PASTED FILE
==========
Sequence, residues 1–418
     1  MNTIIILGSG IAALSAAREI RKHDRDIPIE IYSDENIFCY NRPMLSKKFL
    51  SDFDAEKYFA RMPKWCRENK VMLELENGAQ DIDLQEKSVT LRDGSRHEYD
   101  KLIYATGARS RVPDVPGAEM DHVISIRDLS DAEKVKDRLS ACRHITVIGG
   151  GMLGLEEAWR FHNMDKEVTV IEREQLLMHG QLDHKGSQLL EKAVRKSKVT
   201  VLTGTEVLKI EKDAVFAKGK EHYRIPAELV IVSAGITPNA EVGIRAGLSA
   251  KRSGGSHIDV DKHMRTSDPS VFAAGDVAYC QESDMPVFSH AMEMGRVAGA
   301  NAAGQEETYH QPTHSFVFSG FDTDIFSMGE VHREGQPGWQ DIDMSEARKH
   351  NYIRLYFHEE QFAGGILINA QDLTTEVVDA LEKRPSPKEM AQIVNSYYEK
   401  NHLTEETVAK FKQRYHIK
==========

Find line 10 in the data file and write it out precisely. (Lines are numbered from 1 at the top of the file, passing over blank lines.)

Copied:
   401  NHLTEETVAK FKQRYHIK